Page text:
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146th New York Infantry

Online Books:
146th New York Infantry Soldier Roster - Annual Report of the Adjutant General of the State of New York For the Year 1893, Volume 38     View the Entire Book

Regimental History
One Hundred and Forty-sixth New York Infantry. — Cols., Kenner Garrard, David T. Jenkins, James Grindlay; Lieut. -Cols., David T. Jenkins, William S. Corning, Jesse J. Armstrong, Henry H. Curran, James Grindlay, Peter Claesgens; Majs., David T. Jenkins, William S. Corning, Henry H. Curran, James Grindlay, Peter Claesgens, Isaac P. Powell. The 146th, known as the 5th Oneida, or Garrard's Tigers, recruited in the county of Oneida, was organized at Rome, and there mustered into the U. S. service for three years on Oct. 10, 1862. In May and June, 1863, it received by transfer the three years' men of the 5th (the famous Duryee Zouaves) and the 17th N. Y. infantry, and in 1864, a few additions from the 2nd, 9th, 16th, 18th, 30th, 34th, 37th and 44th N. Y. The regiment left the state on Oct. 11, 1862, for Washington and in November, joined the Army of the Potomac at Snicker's gap, Va., where it was placed in Warren's (3d) brigade, Sykes' (2nd) division, 5th corps, a division chiefly composed of regulars. It marched with this command to Fredericksburg, where it fought its first battle, losing 1 mortally wounded and 17 missing or captured. At Chancellorsville the regiment suffered heavily on the first day of the fight and acquitted itself with honor, losing 50 killed, wounded and missing, and at Gettysburg it again fought gallantly, losing 28 killed and wounded. Col. Garrard was made brigadier-general for gallant conduct at Gettysburg. The regiment participated with little loss in the subsequent Virginia campaigns, ending with that of Mine Run, being present at Rappahannock and Bristoe Stations. Col. Fox in his account of this regiment says: "The regiment encountered its severest fighting at the battle of the Wilderness, May 5, 1864, where it suffered a terrible loss, not only in killed and wounded, but in captured men. Col. Jenkins and Maj. Curran were killed in that bloody encounter, while the total loss of the regiment was 20 killed, 67 wounded and 225 captured or missing. In 1865, the regiment was in Winthrop's (1st) brigade, Ayres' (2nd) division, and was prominently engaged in that command at the battles of White Oak road, and Five Forks, Gen. Winthrop being killed in the latter engagement while leading a successful charge of the brigade. The 146th was well drilled and at one time wore a conspicuous Zouave uniform. Gen. Joseph Hayes, its last brigade commander, in taking leave of the regiment wrote: 'associated for a long time with the infantry of the regular army, the 146th yields the palm to none.' " The regiment took part in a number of important battles among which were Fredericksburg, Chancellorsville, Gettysburg, Williamsport, Md., Wilderness, Spottsylvania (including the engagements at Piney Branch Church, Laurel Hill and Gayle's house), North Anna, Totopotomy, Cold Harbor, siege of Petersburg, Weldon railroad, White Oak ridge and Five Forks. It was also present at Rappahannock Station, Bristoe Station, White Oak swamp, Poplar Spring Church, Hatcher's run and Appomattox, the loss in the final Appomattox campaign, being 65 killed, wounded and missing. Commanded by Col. Grindlay, the regiment was mustered out near Washington, D. C, July 16, 1865. Its total enrollment during service was 1,707, of whom 7 officers and 126 men were killed and mortally wounded; 2 officers and 187 men died of disease and other causes, a total of 324, of whom 1 officer and 87 men died in the hands of the enemy.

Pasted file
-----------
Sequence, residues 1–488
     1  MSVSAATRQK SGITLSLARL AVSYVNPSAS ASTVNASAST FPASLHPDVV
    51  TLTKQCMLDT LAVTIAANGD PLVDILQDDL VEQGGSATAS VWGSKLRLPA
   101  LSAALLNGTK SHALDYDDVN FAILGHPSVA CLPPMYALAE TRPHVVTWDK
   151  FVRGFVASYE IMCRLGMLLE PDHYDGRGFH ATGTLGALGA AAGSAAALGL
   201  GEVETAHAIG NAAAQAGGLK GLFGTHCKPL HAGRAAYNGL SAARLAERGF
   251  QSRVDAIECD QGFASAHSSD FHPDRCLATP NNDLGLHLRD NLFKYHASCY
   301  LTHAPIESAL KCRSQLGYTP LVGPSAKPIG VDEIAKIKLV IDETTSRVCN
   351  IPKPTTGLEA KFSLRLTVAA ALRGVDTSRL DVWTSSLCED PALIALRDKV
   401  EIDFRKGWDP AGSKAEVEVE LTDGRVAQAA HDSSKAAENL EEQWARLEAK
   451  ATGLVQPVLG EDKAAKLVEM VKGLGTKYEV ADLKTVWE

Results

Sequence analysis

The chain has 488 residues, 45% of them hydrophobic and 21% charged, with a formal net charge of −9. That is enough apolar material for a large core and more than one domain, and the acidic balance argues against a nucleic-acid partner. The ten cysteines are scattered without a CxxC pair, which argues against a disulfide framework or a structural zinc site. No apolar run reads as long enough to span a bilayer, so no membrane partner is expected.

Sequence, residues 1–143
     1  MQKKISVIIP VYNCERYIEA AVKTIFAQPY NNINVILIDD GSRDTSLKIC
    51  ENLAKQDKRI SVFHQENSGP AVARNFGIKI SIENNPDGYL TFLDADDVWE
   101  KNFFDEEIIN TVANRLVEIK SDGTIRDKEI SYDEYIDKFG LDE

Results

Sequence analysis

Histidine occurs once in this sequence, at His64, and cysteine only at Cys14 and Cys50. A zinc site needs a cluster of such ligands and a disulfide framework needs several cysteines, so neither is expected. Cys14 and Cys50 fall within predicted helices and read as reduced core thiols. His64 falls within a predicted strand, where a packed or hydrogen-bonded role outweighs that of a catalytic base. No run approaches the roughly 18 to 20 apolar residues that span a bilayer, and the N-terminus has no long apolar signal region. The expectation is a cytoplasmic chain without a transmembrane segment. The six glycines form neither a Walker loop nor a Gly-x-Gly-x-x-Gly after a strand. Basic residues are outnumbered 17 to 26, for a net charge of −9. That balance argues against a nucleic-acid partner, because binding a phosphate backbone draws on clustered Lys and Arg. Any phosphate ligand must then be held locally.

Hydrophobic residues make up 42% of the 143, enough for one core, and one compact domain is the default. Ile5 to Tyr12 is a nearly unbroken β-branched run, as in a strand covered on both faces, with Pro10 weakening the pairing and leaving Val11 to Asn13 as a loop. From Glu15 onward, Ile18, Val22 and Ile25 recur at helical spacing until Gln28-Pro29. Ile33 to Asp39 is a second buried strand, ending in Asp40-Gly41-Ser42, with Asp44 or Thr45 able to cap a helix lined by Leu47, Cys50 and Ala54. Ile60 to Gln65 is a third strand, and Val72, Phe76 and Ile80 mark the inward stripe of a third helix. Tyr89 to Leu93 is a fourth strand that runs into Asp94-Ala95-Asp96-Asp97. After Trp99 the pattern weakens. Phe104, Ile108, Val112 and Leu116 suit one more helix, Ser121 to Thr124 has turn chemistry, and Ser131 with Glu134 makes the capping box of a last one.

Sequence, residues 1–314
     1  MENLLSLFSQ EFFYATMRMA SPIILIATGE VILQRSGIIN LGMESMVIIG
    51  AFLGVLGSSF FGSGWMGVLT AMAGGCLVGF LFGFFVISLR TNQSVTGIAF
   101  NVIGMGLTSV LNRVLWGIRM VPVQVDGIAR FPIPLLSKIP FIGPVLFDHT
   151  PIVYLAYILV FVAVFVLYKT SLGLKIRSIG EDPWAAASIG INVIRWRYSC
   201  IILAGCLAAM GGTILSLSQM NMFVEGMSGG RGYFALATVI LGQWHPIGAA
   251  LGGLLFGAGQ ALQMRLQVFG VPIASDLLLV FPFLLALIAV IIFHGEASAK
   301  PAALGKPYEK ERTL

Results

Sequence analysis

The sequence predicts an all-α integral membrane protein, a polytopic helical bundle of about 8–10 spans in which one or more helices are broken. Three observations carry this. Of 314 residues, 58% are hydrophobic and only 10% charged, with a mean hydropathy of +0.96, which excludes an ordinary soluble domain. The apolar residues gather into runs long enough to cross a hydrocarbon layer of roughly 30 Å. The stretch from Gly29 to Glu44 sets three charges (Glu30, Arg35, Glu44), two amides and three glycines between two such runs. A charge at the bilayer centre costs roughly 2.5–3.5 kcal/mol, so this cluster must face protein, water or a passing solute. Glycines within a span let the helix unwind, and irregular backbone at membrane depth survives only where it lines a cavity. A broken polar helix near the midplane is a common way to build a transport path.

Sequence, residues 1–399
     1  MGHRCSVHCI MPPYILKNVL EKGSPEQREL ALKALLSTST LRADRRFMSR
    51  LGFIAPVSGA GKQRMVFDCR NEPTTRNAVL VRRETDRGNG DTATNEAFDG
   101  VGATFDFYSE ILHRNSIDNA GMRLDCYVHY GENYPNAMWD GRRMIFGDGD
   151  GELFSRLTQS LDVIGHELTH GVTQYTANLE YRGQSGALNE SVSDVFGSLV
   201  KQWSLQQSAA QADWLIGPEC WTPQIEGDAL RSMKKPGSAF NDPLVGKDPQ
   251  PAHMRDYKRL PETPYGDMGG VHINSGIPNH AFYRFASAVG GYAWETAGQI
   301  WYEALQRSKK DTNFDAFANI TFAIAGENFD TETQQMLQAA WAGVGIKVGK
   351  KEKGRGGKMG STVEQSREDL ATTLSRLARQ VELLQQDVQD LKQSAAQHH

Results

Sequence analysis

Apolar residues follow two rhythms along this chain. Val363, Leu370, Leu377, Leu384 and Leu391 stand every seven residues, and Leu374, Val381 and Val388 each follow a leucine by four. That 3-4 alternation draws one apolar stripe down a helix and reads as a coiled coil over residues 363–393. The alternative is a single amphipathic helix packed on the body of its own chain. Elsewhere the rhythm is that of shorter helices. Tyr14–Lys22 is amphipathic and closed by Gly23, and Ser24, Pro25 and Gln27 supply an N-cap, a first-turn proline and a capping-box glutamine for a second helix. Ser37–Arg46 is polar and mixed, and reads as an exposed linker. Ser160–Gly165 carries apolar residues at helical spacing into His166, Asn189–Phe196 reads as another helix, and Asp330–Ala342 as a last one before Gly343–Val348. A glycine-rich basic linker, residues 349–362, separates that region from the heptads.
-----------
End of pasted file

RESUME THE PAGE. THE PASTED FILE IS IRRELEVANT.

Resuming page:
Regimental history taken from "The Union Army" by Federal Publishing Company, 1908 - Volume 2

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